Authoring and Exploring Vast Narratives: An Interview with Pat Harrigan and Noah Wardrip-Fruin (Part Two)

A reader asked me whether the book included a discussion of soap opera, which would seem to meet many criteria of vast narrative, but doesn’t fall as squarely in the geek tradition as science fiction series like Doctor Who or superhero comics like Watchmen. Pat does include a brief note about his own experience watching soaps with his grandmother. What do you see as the relationship between “vast narratives” and the serial tradition more generally?

Soap opera is definitely a missed opportunity for us. We had intended to have at least one essay on the subject, but it fell by the wayside as our contributors came aboard and our word count ballooned. We had also intended to have more essays on more purely literary topics; as it stands, Bill McDonald’s essay on Thomas Mann seems a little lonely in the middle of all that television. We had wanted at least an essay on Faulkner, probably one on Dickens, and some others. But it’s exactly there that Third Person would have started to tip over into more traditional areas of literary history, theory, and narratology. We think one of the strengths of the series is the unexpected juxtaposition of very different fields and genres. So in the end, we opted more for the digital.

The serial tradition seems to us to be a huge and maybe indispensible part of most “vast narratives.” Comic books and television especially follow very naturally from the serial tradition exemplified by Dickens. In all cases, the story unfolds in the public eye, as it were: David Copperfield appeared in monthly installments, as do most modern comic books; TV serials are generally weekly. In all cases there’s ample opportunity for the public to respond to plot developments and offer feedback.

In David Copperfield, for instance, you have the strange character Miss Mowcher, who appears first as a rather sinister and repulsive figure, but when she reappears is pixie-ish, friendly, and plays a role in helping David. What had happened in the meantime is that the real-world analogue of Miss Mowcher (Catherine Dickens’s foot doctor) had recognized herself in the installment and threatened to sue. And as we understand it, the characters of Ben on Lost and Helo on the new Battlestar Galactica were both intended to be short-term minor characters, but proved so popular with viewers that they were promoted to central recurring positions.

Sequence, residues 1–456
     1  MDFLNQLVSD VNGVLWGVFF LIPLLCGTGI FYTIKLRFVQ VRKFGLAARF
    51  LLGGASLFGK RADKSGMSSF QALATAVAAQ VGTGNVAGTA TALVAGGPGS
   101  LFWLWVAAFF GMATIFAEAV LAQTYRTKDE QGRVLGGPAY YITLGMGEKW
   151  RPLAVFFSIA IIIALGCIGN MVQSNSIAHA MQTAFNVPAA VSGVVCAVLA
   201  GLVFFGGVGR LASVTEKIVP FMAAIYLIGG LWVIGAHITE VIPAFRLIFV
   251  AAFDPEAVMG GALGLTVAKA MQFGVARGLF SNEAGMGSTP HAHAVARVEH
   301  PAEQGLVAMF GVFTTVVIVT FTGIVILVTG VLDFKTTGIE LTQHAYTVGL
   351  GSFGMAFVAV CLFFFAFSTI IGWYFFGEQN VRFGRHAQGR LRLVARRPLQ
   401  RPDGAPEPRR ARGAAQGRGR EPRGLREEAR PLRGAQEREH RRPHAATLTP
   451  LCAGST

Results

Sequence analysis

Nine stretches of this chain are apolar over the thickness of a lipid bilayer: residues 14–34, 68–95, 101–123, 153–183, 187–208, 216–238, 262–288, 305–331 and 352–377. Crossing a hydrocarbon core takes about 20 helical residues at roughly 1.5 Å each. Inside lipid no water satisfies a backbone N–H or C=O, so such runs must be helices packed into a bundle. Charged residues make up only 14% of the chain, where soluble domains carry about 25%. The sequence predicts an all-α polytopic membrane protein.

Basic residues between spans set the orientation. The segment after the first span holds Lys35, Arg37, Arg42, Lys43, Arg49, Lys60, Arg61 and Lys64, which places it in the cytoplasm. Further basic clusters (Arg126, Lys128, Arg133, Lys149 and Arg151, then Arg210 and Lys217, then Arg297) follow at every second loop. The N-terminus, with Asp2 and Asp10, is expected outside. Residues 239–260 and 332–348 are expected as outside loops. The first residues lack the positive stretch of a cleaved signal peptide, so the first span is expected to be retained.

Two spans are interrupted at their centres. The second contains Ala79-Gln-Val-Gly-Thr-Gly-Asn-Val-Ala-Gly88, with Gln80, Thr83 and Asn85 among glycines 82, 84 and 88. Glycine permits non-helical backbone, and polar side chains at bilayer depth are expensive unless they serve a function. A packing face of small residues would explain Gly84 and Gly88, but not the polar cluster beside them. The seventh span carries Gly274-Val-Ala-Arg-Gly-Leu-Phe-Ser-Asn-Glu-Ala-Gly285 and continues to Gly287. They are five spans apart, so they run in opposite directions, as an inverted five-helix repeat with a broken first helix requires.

There are plenty of artistic problems that arise from serialized storytelling, one of the most serious of which is the potential for unbalancing the narrative. Writing an unserialized novel allows you to edit, revise and generally overhaul the story before the public sees it. To serialize a story forces you to go with your thoughts of the moment, which may change before you finish the story, whether because of new artistic ideas of your own or because of outside forces (TV cast changes, editorial shifts in direction, Miss Mowchers, etc.). The Wire is one of the strongest televised serials ever aired–arguably it’s simply the best–and that show was blessed with a strong writing staff with long-term narrative plans, substantial freedom from editorial direction, and as far as we’re aware, very few unplanned cast changes. David Simon and the other creators like to talk about Dickens in reference to the show, but The Wire is in fact much more narratively balanced and formal in structure than most of Dickens’s novels.